Visual communication is important for navigation, evacuation messaging, facility-wide warnings, and essential worksite notices—and all of these items pertain to fire safety. Floor markings and signage are crucial parts of fire safety planning. When creating a visual communication plan that complies with the fire code, consider OSHA and ANSI requirements as well as facility-specific needs.

Colors Designated for Fire Safety Messages

Facility-wide color standards help communicate important information and reduce confusion. While there are few provisions for which colors are used, fire-related visual cues have specific color requirements. OSHA designates the color red “to mark fire hazards, flammable liquids, and fire protection equipment such as fire extinguishers and emergency switches,” while ANSI guidelines recommend red for hazards such as flammable liquids.

Red markings can be used to label:

  • Fire extinguisher locations
  • Fire protection equipment
  • Fire alarms
  • Emergency exit directional cues
  • Do Not Enter or No Exit notices
  • Flammable liquid or other hazards
  • Emergency stop switches
  • Evacuation information
  • Outdoor fire lanes
  • Fire door rating and inspection labelsfire extinguisher floor markings

How to Mark Emergency Exits

Part of a facility’s Emergency Action Plan includes clearly marking and maintaining emergency exit routes and discharge locations. When it comes to marking exits for fire safety, first focus on required floor markings and signage, then improve visual communication with other facility-specific signals where necessary.

Common Visuals Used for Fire Safety

Exit signs are a familiar sight, but other cues are important in case of emergency, as well. These methods are by no means exhaustive, and all floor markings and signs must comply with OSHA specifications and fire code requirements—but these are some additional common visual cues to consider for fire safety communication:

  • Glow-in-the-dark floor marking tape can improve visibility in dim areas or in case of a power outage or heavy smoke.
  • Pre-cut floor signs are an easy way to mark fire extinguisher locations, making them easy to see while also offering a reminder to keep the area clear and accessible. Floor marking kits can be applied to highlight electrical panels and can help improve compliance with clearance requirements by keeping exits open for speedy evacuation.
  • Organizational signage encourages employees to put tools, machinery, trash, and other items where they belong—which helps prevent the buildup of combustible materials, such as packing materials and boxes, sawdust, plastics, and industrial scraps.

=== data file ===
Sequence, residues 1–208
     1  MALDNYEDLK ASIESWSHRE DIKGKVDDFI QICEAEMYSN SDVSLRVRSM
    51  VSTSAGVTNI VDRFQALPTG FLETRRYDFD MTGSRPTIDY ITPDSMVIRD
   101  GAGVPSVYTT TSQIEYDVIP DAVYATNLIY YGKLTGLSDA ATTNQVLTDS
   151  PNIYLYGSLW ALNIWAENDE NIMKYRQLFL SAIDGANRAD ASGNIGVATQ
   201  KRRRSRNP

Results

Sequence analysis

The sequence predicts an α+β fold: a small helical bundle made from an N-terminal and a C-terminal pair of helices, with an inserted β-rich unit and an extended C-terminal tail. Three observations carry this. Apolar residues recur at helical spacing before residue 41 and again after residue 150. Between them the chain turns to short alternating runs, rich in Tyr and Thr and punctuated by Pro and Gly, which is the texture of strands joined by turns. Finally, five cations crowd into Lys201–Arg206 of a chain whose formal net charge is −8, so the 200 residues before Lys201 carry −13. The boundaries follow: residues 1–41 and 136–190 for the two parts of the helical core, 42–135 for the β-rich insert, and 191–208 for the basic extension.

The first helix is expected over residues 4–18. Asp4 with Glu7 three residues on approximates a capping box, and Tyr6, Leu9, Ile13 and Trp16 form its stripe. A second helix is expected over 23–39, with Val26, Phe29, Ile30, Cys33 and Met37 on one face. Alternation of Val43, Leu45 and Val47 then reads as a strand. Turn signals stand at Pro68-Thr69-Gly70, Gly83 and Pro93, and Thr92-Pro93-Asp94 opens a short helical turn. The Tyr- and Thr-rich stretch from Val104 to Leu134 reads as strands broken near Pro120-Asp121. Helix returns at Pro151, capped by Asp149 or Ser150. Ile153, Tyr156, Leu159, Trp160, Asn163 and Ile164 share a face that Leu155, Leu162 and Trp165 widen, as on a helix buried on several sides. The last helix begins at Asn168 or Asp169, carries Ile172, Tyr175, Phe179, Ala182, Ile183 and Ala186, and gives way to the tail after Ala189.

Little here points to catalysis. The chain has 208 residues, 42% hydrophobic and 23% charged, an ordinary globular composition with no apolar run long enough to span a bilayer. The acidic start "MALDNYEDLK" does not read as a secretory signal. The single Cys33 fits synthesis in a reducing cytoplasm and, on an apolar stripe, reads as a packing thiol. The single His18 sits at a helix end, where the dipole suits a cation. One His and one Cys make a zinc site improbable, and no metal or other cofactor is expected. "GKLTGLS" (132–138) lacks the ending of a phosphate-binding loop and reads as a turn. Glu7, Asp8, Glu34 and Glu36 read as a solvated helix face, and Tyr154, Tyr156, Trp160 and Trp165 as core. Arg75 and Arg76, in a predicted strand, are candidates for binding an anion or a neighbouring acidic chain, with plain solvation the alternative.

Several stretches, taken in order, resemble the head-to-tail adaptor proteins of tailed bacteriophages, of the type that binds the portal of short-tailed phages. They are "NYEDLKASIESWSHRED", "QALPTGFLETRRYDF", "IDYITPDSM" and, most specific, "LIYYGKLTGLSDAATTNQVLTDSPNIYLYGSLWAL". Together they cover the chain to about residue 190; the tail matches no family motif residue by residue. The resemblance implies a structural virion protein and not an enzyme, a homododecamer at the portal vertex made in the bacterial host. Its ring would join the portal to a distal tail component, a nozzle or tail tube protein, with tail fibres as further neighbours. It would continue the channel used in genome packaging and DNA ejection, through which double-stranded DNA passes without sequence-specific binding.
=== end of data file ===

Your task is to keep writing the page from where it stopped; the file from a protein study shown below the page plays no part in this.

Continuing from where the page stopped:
• Make emergency exits easy to find with clear signage and floor markings, and ensure any doors that lead away from the exit route are clearly labeled to prevent confusion.
  • Label an outside Emergency Assembly Point to ensure all employees and visitors gather in the appropriate location in case of evacuation.
  • Apply appropriate GHS labels to comply with Hazard Communication Standard requirements for labeling hazardous, flammable, or combustible materials. Ensure pipes that contain flammable liquid or gas are clearly marked, following OSHA or ANSI pipe marking standards for color-coding, flow direction marking, and required text.
  • Use red to label fire hazards such as combustible or flammable liquids, gasses, or materials.

Consider which languages you should use for your messages: All safety messaging should include languages spoken in your facility, with clear graphics to accompany the text to ensure the meaning is clear.

emergency assembly point wall sign

School and Childcare Facility Fire Safety Considerations

Fire safety education starts with the youngest grades, but without clear visual cues that children can understand, your fire safety plan may be lacking. Young children may not be proficient at reading, but they can understand the association between specific colors and graphics, especially when they’ve been taught what to look for.

While any fire safety plans in schools and childcare facilities must comply with state and federal requirements, school plans often include:

  • Clearly posted instructions for how to proceed when the fire alarm goes off, including a map to the designated meeting point
  • Kid-friendly posters with fire safety reminders, especially signs that use graphics as well as color and text so reading isn’t a requirement
  • Pavement markings outside the school to designate evacuation assembly points
  • Fire safety education and evacuation drills to prepare kids and teachers for an emergency

Appropriate response during a fire-related emergency depends on visual cues, established procedures, and safety drills. Proper training and accompanying visual cues are important in a fire safety program, but all emergency response methods must meet fire code and related industrial safety standards. Explore our Resource Center for more information about visual cues for safety.